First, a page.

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Fees May Be Part of Taxable Service in Oklahoma

  • Sep 3, 2015 | Gail Cole

 Sales tax provokes many questions.

Is the "basic fee" charged to copy medical records subject to Oklahoma sales tax? What about postage and shipping fees charged to send these copies?

Under Oklahoma law (§68-1354), an excise tax of 4.5% of the gross receipts or gross proceeds of sales is imposed on the following:

“Printing or printed matter of all types, kinds, or character and … any service of printing or overprinting, including the copying of information by mimeograph, multigraph, or by otherwise duplicating written or printed matter in any manner, or the production of microfiche containing information from magnetic tapes or other media furnished by customers.”

In a Oklahoma Tax Commission explained that “the basic fee is a charge by the seller for services necessary to complete the sale of tangible copies of medical records and, as such, is part of the gross receipts subject to sales tax.”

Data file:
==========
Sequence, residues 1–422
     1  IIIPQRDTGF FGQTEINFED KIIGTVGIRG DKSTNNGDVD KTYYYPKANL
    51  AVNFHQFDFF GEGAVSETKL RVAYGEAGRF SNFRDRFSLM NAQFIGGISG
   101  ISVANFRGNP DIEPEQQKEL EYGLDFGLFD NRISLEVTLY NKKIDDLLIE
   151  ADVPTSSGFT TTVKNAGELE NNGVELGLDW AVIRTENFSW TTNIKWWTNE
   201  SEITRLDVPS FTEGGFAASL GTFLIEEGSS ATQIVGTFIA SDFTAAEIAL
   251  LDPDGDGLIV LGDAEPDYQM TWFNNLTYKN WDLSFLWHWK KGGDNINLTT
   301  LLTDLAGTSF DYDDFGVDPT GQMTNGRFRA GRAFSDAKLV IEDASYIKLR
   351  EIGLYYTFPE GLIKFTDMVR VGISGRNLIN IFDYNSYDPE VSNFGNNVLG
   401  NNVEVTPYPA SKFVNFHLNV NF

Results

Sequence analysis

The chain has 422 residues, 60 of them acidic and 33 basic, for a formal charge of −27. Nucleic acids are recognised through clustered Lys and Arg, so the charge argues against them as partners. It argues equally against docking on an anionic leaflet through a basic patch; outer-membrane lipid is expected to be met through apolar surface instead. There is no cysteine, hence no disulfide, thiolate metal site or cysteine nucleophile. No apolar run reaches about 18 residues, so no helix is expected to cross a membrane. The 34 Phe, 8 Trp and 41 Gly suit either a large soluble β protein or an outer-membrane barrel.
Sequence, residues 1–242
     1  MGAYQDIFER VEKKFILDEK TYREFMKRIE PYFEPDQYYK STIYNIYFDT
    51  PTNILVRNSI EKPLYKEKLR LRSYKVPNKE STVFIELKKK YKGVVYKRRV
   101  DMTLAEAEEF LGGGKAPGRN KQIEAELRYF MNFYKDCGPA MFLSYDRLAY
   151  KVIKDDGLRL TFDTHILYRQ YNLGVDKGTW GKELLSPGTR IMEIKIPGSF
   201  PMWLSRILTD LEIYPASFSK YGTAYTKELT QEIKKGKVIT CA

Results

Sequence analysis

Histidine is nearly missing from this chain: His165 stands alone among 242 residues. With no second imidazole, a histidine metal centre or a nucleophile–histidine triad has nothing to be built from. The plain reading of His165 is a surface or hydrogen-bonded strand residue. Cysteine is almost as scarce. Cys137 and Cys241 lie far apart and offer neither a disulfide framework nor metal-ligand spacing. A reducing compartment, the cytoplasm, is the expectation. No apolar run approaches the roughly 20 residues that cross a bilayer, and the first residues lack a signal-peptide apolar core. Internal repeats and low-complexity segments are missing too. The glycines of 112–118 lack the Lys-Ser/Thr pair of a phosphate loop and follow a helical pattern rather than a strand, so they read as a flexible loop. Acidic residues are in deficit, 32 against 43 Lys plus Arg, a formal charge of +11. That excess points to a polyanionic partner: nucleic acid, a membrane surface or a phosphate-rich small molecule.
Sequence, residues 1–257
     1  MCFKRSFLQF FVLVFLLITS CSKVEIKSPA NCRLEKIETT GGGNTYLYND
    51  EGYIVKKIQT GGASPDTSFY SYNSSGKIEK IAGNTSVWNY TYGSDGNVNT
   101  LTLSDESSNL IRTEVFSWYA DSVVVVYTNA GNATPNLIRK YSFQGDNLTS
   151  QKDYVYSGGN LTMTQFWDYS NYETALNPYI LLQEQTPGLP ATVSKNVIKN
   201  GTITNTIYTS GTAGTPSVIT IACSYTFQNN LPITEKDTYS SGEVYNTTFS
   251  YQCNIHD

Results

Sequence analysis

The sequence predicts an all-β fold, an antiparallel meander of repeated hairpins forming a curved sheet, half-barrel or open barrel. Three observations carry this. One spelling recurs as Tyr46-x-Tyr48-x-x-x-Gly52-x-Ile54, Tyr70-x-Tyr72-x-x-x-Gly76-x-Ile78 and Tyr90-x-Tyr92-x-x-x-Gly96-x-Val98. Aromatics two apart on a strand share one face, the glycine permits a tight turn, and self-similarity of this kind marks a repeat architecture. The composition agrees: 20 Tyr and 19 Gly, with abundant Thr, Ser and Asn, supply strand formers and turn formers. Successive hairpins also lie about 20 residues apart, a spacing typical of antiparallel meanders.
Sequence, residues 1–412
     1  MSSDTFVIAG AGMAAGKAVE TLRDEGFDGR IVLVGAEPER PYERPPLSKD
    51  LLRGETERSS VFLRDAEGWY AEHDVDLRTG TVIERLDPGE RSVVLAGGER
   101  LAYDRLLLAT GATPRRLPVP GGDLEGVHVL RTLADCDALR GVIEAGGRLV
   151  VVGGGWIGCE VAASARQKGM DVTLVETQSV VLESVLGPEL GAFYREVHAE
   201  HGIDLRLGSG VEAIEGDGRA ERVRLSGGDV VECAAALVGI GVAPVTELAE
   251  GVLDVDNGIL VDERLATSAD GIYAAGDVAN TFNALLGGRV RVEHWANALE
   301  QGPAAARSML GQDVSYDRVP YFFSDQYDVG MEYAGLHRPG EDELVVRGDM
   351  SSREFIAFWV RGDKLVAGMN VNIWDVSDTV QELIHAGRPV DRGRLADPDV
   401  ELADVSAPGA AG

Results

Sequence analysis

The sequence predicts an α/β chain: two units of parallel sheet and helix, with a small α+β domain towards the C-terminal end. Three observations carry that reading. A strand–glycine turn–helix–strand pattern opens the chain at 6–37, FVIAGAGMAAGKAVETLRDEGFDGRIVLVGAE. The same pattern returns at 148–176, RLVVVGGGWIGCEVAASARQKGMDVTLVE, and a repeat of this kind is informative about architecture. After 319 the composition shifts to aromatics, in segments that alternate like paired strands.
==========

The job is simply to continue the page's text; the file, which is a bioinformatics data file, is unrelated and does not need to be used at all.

Postage and shipping charges are considered delivery charges. In Oklahoma, separately stated delivery charges are not subject to sales tax. However, delivery charges that are not separately stated are part of the “gross receipts, gross proceeds, or sales price” and are therefore subject to tax (§68-1352).

Please note that letter rulings issued by the Tax Commission “may be generally relied upon only by the entity to whom it is issued, assuming all pertinent facts have been accurately and completely stated, and there has been no change in applicable law.”

That said, letter rulings reference law and indicate how the Tax Commission interprets it. As such, they can be quite instructive.

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Sales tax rates, rules, and regulations change frequently. Although we hope you'll find this information helpful, this blog is for informational purposes only and does not provide legal or tax advice.
Gail Cole
Avalara Author
Gail Cole
Gail Cole
Avalara Author Gail Cole
Gail began researching and writing about sales tax in 2012 and has been fascinated with it ever since. She has a penchant for uncovering unusual tax facts, and endeavors to make complex sales tax laws more digestible for both experts and laypeople.